PMP Generational Diversity
The workforce in today’s environment is diverse and includes more generations working together than ever before in history. In many organizations, you may have people from the silent generation, baby boomers, generation X millennials, and generations Z. That includes people born starting from the 1940s through today.
As a project manager, is important to understand the uniqueness and sensitivities associated with each generation.
That’s not to say that every person within a specific generation identifies with the broad generalities associated with that generation, but it helps you form a picture of the team strengths, their work ethics, soft skills, and approach to life and work.
Here are some of the unique characteristics of each generation:
The Silent Generation
These folks were born between 1925 and 1945. They lived through World War II, tend to conform to social standards and norms, and are often frugal.
The war and the Great Depression caused the shortage of food, goods, and services. This caused rationing of food, gas, and other everyday items we take for granted today. This influenced many of them to become strong savers. That generation of workers often worked for the same company for life.
Baby boomers were born between 1946 and 1964. They were born after the war and for many years were the largest generation alive. Baby boomers tend to share characteristics of the generations around them.
Baby boomers experienced affluence and an abundance of food and goods growing up and were sometimes said to be spoiled. This generation brought about social change in many areas, including music, personal expression, life cycles, the civil rights movement, and more.
They tend to reject traditional values of the silent generation and are more physically active and wealthier than the silent generation.
Some research groups predict at this age group, those 55 years of age and older, will be the fastest-growing segment of the workforce between now and 2025.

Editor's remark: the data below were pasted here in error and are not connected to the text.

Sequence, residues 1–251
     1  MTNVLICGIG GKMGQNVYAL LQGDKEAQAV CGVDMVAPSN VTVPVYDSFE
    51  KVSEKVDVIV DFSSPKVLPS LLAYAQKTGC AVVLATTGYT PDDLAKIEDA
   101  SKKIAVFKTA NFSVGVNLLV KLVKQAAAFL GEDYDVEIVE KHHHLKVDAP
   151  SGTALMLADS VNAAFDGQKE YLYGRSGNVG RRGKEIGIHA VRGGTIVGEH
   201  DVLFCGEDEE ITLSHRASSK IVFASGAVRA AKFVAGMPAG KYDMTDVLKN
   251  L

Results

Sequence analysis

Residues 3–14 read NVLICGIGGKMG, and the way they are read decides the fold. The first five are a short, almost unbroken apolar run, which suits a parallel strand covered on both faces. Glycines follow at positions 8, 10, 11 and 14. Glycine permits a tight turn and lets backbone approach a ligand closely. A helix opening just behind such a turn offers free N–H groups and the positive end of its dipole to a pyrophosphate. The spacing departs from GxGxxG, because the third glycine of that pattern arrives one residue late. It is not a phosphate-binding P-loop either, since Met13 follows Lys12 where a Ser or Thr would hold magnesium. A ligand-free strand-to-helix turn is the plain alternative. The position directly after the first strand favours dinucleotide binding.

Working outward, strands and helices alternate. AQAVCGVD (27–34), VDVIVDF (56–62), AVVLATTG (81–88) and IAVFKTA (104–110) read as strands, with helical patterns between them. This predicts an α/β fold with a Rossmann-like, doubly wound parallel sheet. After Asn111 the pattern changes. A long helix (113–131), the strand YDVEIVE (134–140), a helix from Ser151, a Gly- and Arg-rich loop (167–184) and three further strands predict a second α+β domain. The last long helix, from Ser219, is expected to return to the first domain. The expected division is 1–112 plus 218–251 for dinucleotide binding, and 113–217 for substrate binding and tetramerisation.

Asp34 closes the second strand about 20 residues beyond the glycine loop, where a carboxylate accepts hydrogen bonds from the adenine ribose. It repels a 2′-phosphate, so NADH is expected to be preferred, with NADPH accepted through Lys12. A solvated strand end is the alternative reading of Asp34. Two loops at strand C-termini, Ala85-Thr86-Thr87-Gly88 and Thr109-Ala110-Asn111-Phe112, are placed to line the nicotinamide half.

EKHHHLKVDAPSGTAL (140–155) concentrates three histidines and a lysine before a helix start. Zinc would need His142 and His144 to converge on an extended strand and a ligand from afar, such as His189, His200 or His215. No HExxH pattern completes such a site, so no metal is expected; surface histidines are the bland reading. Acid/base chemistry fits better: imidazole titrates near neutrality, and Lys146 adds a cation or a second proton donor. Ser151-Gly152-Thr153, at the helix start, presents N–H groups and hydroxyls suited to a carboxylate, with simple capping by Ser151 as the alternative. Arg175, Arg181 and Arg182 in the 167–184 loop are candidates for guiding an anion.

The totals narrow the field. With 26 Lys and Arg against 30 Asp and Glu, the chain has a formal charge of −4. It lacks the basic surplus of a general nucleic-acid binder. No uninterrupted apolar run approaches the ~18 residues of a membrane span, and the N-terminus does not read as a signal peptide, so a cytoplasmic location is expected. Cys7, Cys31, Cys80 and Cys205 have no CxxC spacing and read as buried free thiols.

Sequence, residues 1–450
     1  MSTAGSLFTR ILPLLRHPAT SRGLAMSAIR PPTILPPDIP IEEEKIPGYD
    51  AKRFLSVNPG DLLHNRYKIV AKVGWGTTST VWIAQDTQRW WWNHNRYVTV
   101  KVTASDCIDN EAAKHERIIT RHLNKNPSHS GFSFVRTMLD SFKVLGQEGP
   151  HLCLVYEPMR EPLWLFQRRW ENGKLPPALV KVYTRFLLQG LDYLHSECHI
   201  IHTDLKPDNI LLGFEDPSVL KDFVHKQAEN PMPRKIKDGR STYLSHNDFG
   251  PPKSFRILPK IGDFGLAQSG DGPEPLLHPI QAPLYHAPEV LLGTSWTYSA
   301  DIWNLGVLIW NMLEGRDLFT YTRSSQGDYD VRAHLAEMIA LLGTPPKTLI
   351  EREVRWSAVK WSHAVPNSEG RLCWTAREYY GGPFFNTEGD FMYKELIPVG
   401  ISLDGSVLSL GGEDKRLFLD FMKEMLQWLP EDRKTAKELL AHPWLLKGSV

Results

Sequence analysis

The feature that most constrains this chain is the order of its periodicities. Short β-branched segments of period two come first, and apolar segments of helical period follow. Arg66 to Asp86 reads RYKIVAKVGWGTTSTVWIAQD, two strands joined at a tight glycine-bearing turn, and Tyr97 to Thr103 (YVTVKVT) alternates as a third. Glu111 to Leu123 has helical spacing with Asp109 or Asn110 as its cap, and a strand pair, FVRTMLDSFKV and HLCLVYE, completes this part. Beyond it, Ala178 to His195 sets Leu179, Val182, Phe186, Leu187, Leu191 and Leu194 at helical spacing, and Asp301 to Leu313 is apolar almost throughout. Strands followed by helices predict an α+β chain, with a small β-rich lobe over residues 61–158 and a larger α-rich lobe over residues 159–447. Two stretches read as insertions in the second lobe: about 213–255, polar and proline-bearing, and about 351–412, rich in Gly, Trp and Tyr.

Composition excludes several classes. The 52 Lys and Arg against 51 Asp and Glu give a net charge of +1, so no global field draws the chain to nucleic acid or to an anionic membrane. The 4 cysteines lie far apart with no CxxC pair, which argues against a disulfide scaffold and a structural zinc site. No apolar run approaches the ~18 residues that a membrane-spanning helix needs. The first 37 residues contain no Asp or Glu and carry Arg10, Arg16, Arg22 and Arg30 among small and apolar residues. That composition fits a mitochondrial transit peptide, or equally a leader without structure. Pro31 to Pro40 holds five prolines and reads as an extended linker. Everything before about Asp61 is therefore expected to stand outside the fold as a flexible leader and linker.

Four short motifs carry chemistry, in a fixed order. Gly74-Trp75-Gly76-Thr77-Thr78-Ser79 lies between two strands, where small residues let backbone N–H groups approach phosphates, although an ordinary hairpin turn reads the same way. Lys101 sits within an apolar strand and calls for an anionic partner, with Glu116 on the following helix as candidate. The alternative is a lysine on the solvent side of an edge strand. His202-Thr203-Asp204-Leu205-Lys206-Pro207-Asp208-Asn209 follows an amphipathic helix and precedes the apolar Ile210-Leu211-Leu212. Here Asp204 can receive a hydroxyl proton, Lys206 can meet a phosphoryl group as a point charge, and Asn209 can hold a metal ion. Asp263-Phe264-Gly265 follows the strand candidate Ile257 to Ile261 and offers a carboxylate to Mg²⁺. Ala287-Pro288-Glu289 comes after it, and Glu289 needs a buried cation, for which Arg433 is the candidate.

Baby boomers are choosing to postpone retirement or come back to work after they have retired.
This generation was born between 1965 and 1976. This generation was known as the ‘latch key’ generation because they grew up in households where both parents worked, and they often came home to an empty household.
As they reached their teens, they were also nicknamed the ‘MTV generation’. This generation tends to be entrepreneurial – as a result of having to fend for themselves as youngsters. They were the first to introduce the concept of work-life balance.
Having watched baby boomers’ parents work themselves to death, only then to experience layoffs and loss of pensions, Gen X’ers determined to enjoy both work and personal life and not allow work to consume them.
Millennials or Gen Y
Millennials were born between 1977 and 1995. Millennials grew up experiencing the advent of technology in everyday life. The Internet was dawning, games such as Xbox and PlayStation came about, and they found themselves becoming dependent on technology as it emerged.
They are comfortable using technology and engaging in social media. Millennials are sometimes characterized as narcissistic, but this likely refers to their other characteristics such as confidence and assertiveness. They value tolerance and collaborative teams. Millennials are the largest generation in the workplace today.
This generation was born between 1996 or the early 2000’s. Some of them are now just entering the workplace. This generation grew up immersed in technology and they don’t know any other way of life. Partly due to their tech-savvy and reliance, they are open to new ideas and new ways of doing things. They are heavily influenced by social media.
They sometimes have short attention spans also due to technology, and often prefer texting to talking. They are hard-working and often more stressed than other generations due to social media dependence, school shootings, political infighting, and other social and cultural issues prevalent today that were rare in past generations.
As you can see each of these generations had a unique set of characteristics growing up from World War II to the arrival of social media and each experience informs their behavior, beliefs, and actions.
Generational sensitivity should be considered when choosing and developing teams, and this also helps in developing cross-functional agile teams. With a wide diversity of age, experience, and outlooks comes a significant amount of creativity and thinking outside the box.
Diversity and inclusion are also important in acquiring developing teams.
Diversity involves hiring team members who come from different generations, cultures, ethnicities, religious beliefs, sexual orientation, and more.
Diverse teams are more apt to explore new ideas and develop approaches to issues and challenges because of the variance in backgrounds, experience, and beliefs on the team. Diversity is only one side of the coin, however, inclusion is the other.
Inclusion means that the team is collaborative, supportive, and respectful of one another and that all team members have a voice and are expected to participate in the project. It is giving your team members a safe place to be who they really are and ensuring that you are working toward a set of equitable outline outcomes.
This helps ensure the participation of all team members while preventing a domineering team member from overtaking the group.
The project manager or team leader needs to manage this by calling on team members one by one and encouraging each one to express their thoughts. As the saying goes, “Diversity is being invited to the party, inclusion is being asked to dance”